Betsky – Group 2 (MM)

I wasn’t able to access the PDF so expect an update here pretty soon, but today on my walk I went to a tiny local park up the street from my house. It’s little more than a small lawn, a tree, and a planter, but I’ve always found it fascinating for the way it stands out. Not knowing exactly what aspects of design to focus on, I’ll give this my best shot as to why I find this little park interesting from a design perspective. My entire neighborhood is very generically suburban. It’s all gridded streets, rectangular lots, four-way stops, and little to speak of in terms of public spaces. However, two things break this pattern: the neighborhood is built at the top of a hill and the larger streets which border it are all curved rather than straight. This photo shows the sloping hill and curve of Prospect (the two-lane thoroughfare behind the park) where it intersects 14th Street, the one in the right foreground, at a non-perpendicular angle. For some reason, there’s a small side street on the left side no more than thirty feet long which intersects 14th Street at another non-perpendicular angle. The effect is that strange triangular lot, too small for a house and angled all the wrong ways. Turning right off Prospect down 14th feels more like a U-turn, and you always have to watch out for cars parked on the side of the road or cars coming the other way up 14th. All told, it’s a pristine little piece of nature that I love to walk by but a complete nightmare for cars and a perfect example of why good suburban planning is necessary.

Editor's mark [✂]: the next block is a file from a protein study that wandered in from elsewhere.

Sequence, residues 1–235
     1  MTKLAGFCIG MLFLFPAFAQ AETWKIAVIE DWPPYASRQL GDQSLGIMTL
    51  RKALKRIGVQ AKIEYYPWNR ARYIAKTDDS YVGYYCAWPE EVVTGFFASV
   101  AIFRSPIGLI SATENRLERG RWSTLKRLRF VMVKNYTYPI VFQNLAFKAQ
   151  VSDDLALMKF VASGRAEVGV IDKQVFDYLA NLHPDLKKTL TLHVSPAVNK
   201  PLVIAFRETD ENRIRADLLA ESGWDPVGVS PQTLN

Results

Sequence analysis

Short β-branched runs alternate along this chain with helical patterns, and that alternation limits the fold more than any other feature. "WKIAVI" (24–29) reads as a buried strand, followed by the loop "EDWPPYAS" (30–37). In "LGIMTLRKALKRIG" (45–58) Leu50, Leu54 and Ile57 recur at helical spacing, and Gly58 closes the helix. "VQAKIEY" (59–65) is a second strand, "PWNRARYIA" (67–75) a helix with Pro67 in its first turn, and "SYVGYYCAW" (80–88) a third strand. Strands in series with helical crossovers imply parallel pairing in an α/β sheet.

One thought on “Betsky – Group 2 (MM)

  1. After actually reading the passage from the Betsky text, I have some new thoughts to add. I was very interested in the way that the author seeks to investigate and explain his surroundings, examining space not as an infinite canvas on which everything is built but as a commodity in and of itself. While we might take space for granted in many parts of the US, living on such a vast and open continent, the Dutch live with very little space, and are faced with the options of creating more of it by reclaiming land or using what they have as efficiently as possible. Los Angeles, where I live, is certainly an example of what happens when a city is built with little concern with running out of space. The city has grown outwards and spread further and further, forming a massive urban and suburban sprawl with little rhyme or reason to it in which cars are all but a necessity to get from one place to another. I’m excited to examine a culture which is practically the opposite of my own in its view of space and see what can be learned from this.

    Betsky’s perspective contrasts to some degree with that of Nescio’s characters. Both seek to understand the space they inhabit from a holistic cultural, economic, political, and geographic approach. However, while Betsky seems assured in his understanding of Rotterdam and the Netherlands’ architecture and how it reflects those other facets, the “young titans” seem lost in their quest for understanding. Betsky’s bike ride is a tour through his academic field; the titans’ late night (or early morning) wanderings reflect their confusion with how to make their way in the world. The latter perspective comes from a place of inexperience; the former from expertise in a field. Naturally, I relate strongly to the titans, as I am just beginning to investigate these topics.


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